Corridors of Power: A Case Study in Access Analysis from Medieval England. (Method)

Article excerpt

Introduction

In 1928, the author of The Growth of the English House, J.A. Gotch, gave us his view of the architectural liberation brought about by the end of the Middle Ages: 'The whole country blossomed out into buildings that vied with each other in the cheerfulness of their aspect' he enthused. By contrast, before this abrupt (and largely unexplained) burst of architectural merriment, life 'must have been dull'. The lords, ladies and their minstrels who apparently comprised most of the population had halls which remained 'somewhat dismal', their living space cramped and inadequate, until the progress of ideas prompted a growing desire for privacy manifested in the subdivision of domestic space (Gotch 1928: 52-68). Gotch was a product of his time and culture, seeing standing remains, chiefly castles, as the evidence for his dank medieval world, and architectural change as due to enlightened architects acting in a context provided by history. But there is another agenda which seeks to discover, free from our own value judgements, the meaning that medieval buildings had for those who used them. Among the scholars who have attempted to explain architectural change in terms of more than the 'progress of ideas' include Patrick Faulkener (1958), pioneer of spatial analysis, Margaret Wood (1965), Graham Fairclough (1992), Matthew Johnson (1993, 1996), Roberta Gilchrist (1994) and Jane Grenville (1997). Many of their more challenging and influential studies have made use of the spatial analysis of interiors in order to configure medieval society and chart changes within it (e.g. Gilchrist 1990, 1994; Johnson 1993, 1996). Such methods can reveal much about the configuration of space in the social formation of power relationships, as Grenville has suggested, and it is proposed here that its more reasoned and systematic use might answer her call for ways to 'decode' the signals given out by medieval architecture as understood by contemporaries (Grenville 1997:106, 164-5). Among these spatial approaches, one of the most informative is access analysis.

What is access analysis?

Access analysis concerns the way that contemporary people moved about a building, which in turn reveals where they invested their social and ideological values. The relevant principles and procedures are treated in a number of general works (for example Johnson 1993; Gilchrist 1994; Grenville 1997). In brief the analysis begins with a plan of the interior of the building to be studied, and the rooms and their access are then coded according to a scheme of symbols such as that shown in Figure 2. These symbols are then composed in a diagram which summarises the associations between rooms and the routes which are possible, between them. The pattern which is created is interpreted in terms of its characteristics of relative control or freedom. The diagrams model the flow of people through the building and by implication, the social relationships that control access. Examples of the patterns produced will be seen in the case study that follows. Two forms are particularly diagnostic: the dendritic or 'tree-like' form implies that traffic is formally constructed; while the annular or 'ringy' form suggest more freedom of movement. 'Depth' is measured by the number of steps required from the outside (the 'carrier') to the innermost room, and a 'deep' room may often be equated with something of high value or status.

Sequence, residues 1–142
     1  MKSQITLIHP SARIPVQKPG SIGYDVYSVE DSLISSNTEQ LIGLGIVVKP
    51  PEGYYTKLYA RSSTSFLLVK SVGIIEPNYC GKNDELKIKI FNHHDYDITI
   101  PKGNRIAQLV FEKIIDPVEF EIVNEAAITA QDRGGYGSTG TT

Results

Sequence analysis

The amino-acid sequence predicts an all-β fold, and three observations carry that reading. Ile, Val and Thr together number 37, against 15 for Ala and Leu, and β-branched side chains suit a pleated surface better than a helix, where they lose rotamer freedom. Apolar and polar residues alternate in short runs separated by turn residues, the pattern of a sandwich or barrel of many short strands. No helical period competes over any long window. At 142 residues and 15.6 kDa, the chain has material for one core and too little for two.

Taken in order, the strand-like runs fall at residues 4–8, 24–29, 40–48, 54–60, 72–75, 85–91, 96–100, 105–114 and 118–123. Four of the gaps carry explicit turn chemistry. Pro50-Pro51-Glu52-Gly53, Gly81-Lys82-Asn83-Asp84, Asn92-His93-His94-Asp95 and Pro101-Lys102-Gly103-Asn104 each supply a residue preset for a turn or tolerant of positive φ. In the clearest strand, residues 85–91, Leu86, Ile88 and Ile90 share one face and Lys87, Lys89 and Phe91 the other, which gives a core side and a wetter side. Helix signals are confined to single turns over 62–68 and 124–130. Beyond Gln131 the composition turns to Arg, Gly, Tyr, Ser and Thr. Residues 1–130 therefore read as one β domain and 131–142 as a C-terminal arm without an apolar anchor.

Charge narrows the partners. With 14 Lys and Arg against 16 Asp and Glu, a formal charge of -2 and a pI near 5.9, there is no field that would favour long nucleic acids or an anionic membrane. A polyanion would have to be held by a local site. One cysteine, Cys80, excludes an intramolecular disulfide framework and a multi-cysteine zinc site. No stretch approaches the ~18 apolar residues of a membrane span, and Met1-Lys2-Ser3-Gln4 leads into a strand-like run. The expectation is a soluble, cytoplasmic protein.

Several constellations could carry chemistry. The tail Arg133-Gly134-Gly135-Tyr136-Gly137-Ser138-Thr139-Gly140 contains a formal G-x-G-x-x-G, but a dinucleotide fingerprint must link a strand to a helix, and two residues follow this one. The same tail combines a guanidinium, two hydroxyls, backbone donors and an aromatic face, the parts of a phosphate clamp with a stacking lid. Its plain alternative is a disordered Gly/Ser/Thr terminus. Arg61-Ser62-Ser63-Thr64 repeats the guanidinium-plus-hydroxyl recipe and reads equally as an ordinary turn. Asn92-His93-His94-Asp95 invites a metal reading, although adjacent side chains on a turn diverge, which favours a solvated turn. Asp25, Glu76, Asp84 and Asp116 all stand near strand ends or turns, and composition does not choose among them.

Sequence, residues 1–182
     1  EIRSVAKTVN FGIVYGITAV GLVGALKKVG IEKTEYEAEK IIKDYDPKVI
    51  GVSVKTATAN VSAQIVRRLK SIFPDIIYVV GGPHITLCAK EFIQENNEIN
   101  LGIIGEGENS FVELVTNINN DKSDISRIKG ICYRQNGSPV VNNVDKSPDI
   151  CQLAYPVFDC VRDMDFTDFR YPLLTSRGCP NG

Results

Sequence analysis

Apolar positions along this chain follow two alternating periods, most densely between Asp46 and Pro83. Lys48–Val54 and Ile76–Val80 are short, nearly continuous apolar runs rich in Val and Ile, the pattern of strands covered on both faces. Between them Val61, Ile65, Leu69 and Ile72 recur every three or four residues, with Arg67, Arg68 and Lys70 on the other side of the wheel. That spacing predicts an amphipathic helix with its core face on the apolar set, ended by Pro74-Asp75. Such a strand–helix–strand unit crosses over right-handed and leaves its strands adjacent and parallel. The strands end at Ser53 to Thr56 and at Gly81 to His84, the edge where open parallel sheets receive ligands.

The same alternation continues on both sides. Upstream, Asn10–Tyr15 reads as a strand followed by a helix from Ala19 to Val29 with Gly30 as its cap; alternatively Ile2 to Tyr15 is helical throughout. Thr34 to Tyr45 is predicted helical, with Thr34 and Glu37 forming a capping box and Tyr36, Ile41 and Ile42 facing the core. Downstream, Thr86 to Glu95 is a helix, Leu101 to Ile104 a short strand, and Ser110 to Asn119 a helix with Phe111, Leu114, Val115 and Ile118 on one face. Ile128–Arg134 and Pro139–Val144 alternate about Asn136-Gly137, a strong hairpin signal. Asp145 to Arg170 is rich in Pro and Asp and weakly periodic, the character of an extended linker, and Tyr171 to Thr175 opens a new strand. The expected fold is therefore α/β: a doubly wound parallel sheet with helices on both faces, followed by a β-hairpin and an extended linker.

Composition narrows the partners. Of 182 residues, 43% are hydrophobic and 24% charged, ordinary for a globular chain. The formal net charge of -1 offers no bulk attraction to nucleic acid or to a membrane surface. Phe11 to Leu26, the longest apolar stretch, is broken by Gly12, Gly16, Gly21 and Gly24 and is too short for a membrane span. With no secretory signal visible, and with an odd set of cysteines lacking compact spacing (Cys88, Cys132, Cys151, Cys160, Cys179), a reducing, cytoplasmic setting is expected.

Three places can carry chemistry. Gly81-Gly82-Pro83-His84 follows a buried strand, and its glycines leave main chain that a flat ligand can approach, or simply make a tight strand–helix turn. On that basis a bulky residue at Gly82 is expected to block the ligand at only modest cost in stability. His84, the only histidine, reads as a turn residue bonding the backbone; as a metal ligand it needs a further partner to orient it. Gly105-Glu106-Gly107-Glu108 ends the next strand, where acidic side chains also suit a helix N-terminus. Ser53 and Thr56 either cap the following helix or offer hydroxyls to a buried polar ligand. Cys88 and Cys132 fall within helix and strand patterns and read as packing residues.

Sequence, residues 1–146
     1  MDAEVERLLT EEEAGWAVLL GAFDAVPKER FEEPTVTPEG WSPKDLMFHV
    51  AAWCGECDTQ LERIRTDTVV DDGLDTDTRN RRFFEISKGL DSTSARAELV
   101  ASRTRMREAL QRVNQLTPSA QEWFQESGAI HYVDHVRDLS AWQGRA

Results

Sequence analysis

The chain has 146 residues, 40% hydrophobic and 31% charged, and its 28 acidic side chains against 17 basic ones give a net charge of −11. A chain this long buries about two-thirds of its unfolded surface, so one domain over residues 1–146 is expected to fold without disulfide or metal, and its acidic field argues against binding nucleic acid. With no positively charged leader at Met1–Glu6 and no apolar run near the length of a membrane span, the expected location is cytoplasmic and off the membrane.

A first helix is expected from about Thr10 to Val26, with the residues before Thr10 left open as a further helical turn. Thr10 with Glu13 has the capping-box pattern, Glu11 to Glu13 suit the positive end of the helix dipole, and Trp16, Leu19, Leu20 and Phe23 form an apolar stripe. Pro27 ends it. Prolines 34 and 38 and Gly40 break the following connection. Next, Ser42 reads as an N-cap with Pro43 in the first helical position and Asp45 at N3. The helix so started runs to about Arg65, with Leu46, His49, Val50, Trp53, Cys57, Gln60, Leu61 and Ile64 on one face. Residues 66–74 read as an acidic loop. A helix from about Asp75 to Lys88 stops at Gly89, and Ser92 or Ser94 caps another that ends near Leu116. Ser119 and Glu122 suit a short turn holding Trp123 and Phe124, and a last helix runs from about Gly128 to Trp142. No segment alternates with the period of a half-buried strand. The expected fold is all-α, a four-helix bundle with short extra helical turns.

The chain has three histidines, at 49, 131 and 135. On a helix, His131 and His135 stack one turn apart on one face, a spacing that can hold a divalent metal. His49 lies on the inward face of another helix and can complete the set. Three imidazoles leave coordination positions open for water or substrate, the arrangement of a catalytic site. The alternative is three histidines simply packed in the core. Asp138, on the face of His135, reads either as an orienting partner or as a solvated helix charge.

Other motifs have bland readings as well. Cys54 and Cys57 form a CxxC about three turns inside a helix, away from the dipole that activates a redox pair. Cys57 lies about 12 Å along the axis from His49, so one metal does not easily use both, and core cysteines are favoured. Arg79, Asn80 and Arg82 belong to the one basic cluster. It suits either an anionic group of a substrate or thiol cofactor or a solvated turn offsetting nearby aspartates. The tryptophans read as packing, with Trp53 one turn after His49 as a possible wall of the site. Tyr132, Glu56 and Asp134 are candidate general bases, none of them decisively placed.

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Previous studies in the spatial analysis of interiors are not numerous and many are found within unpublished dissertations (e.g. Gilchrist 1990; Kitson 1997; Richardson 1998), papers in far-flung journals, or buried within wider discussions, such as Fairclough's diachronic study of Edlingham Castle, Northumberland (see Fairclough 1992). A recent example is provided by Nicola Aravecchia (2001: 31-2) who has traced the trend for a less strong demand for privacy over time in fourth-ninth century AD hermitages in Lower Egypt consistent with documentary evidence for a move toward semi-eremitism. …